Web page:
Journalists have of course been affected by changes over the years – I think the most striking is the development of telecommunications. When I see correspondents on television talking into their videophones, I think of the problems that faced my generation in getting dispatches back to headquarters in London. I’ve spent many nail-biting hours waiting for telephone-calls to get through. A couple of weeks ago, when Qaddafi was celebrating his 38 years in power in Libya, I was thinking of my coverage of his takeover in 1969. I was waiting for a call to London in my hotel room in Tripoli, when a heavily-armed Libyan sailor burst in to find out what I was saying.
A less risky wait for a phone-call occurred when I arrived in Teheran to attend a magnificent banquet being given by the Shah in Persepolis. In those days, before the ayatollahs took over, the national drink of Iran was vodka and lime – in the eight hours it took for my call for London to come through, I’d consumed so many I found I could no longer pronounce the phrase 2,500th anniversary, which was what the Shah was celebrating for his dynasty. So I had to ask them to read that phrase in the studio in London.
What fascinating personalities have
One was the Dalai Lama. I went to meet him in 1962, just after he had left Tibet and set up his headquarters in India. Against my better judgement, I took with me the wife of my former boss in Rome, whom I mentioned earlier. This was very much at her insistence. She was a forceful lady, and I instructed her to keep quiet during my interview, but right at the end she couldn’t contain herself, and asked the Dalai Lama whether it would be possible for a woman to become Dalai Lama. I felt embarrassed at what I thought was a stupid question. But there was a long pause, and the Dalai Lama then answered “I don’t see why not”. The interpreter told us afterwards this was the first time the Dalai Lama had been asked this question, and it was an important statement. A few months later, when I went to see him again, the Dalai Lama greeted me by asking “Where’s that lady who was with you last time”? And in my nine years as BBC Diplomatic Correspondent based in London I spent my time flying round the world with Mrs. Thatcher, or Foreign Secretaries like Sir Geoffrey Howe or Lord Carrington, as well as covering some overseas visits by Her Majesty The Queen.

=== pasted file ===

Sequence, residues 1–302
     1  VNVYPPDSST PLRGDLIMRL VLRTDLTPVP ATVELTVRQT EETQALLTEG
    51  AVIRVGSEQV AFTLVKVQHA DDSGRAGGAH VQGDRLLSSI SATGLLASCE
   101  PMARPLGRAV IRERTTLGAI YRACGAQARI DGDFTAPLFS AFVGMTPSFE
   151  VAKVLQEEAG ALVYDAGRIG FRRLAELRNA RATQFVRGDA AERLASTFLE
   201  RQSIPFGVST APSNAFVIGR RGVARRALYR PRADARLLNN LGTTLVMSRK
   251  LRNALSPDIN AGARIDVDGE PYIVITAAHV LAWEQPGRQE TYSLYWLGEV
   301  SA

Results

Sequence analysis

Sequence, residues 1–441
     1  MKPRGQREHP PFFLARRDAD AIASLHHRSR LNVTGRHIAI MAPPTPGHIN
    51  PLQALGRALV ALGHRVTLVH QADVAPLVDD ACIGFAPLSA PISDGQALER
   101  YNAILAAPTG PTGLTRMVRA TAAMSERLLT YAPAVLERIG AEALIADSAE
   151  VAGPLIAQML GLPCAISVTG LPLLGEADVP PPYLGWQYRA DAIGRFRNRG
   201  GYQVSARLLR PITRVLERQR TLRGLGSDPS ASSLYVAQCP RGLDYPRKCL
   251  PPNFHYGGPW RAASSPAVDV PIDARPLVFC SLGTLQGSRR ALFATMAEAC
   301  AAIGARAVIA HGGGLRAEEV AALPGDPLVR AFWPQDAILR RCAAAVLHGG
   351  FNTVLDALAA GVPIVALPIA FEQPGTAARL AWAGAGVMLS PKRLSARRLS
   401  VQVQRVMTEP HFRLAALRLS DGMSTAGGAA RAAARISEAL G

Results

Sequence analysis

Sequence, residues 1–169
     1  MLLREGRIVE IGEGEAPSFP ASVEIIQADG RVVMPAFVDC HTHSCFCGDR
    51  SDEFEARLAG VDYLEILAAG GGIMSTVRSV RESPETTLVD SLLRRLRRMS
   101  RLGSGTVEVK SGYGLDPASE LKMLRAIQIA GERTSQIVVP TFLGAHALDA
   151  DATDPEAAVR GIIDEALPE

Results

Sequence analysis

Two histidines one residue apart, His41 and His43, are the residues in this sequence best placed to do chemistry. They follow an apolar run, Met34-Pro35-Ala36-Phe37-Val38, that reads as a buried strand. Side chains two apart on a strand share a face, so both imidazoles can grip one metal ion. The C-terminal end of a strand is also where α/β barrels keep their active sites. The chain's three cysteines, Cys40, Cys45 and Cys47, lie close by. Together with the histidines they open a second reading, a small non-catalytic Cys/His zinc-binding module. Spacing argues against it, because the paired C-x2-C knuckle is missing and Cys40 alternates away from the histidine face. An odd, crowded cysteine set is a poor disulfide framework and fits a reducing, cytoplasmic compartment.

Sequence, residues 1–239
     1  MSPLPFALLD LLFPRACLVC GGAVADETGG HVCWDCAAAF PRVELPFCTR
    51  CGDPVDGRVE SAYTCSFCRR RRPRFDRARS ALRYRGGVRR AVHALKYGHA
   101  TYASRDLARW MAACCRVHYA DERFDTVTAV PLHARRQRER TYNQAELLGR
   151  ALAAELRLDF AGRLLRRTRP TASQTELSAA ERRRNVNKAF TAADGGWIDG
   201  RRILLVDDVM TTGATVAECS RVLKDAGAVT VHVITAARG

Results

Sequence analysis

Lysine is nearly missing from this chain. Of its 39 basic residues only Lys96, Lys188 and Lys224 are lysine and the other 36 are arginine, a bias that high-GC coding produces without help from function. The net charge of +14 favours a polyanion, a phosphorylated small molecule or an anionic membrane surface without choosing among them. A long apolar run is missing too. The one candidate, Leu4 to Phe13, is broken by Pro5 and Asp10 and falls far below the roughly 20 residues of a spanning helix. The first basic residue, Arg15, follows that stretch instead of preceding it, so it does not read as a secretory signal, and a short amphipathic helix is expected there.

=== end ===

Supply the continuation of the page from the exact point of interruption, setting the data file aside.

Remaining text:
How do you feel about being 80?
Everything that can be said about growing old has been said by far more distinguished men than me. So just three quotes. The comedian Bob Hope, who said “You know you’re getting old when the candles cost more than the cake”. And, more seriously, from Albert Schweizer: “Only when your wings droop, and the innermost depths of your heart are covered with the snow of pessimism and the ice of cynicism, only then are you truly old.” When Winston Churchill reached the age of 80, in 1954, he said: “I am prepared to meet my Maker – but whether my Maker is prepared for the great ordeal of meeting me is another matter”.
I consider myself fortunate to be in Geneva as a journalist. We are lucky in having such a charming and efficient lady as Marie Heuzé as Director of the UN Information Service, and I am not forgetting her predecessor Thérèse Gastaut, who encouraged me to come to work in Geneva after I finished a stint in Afghanistan in 1988. I am happy to be in Switzerland. In the year 2000, former Swiss President Adolph Ogi, who did me the honour of coming from Bern to my birthday reception, said in a speech to the Swiss community in London “Britain is one of my true loves”. Well, Switzerland is one of mine. And I was delighted to have Alphorn blowers to bring an echo of the real Switzerland to my birthday party.